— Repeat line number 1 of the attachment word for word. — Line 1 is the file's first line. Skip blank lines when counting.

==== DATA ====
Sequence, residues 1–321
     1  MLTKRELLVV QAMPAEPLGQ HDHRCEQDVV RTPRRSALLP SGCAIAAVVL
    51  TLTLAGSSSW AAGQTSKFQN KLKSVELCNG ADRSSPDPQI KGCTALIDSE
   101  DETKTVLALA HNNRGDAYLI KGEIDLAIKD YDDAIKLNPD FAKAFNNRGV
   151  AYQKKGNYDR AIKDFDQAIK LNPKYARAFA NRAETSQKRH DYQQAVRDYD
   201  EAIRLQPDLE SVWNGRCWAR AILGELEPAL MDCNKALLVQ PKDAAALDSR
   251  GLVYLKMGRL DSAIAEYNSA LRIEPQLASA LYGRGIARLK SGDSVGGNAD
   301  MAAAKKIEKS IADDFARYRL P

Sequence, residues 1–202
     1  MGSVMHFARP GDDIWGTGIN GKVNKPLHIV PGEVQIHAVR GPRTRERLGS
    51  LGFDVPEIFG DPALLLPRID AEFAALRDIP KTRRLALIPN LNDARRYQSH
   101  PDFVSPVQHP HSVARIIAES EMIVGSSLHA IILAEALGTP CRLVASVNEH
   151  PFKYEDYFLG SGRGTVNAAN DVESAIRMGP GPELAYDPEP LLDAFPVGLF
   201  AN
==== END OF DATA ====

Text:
Sequence, residues 1–321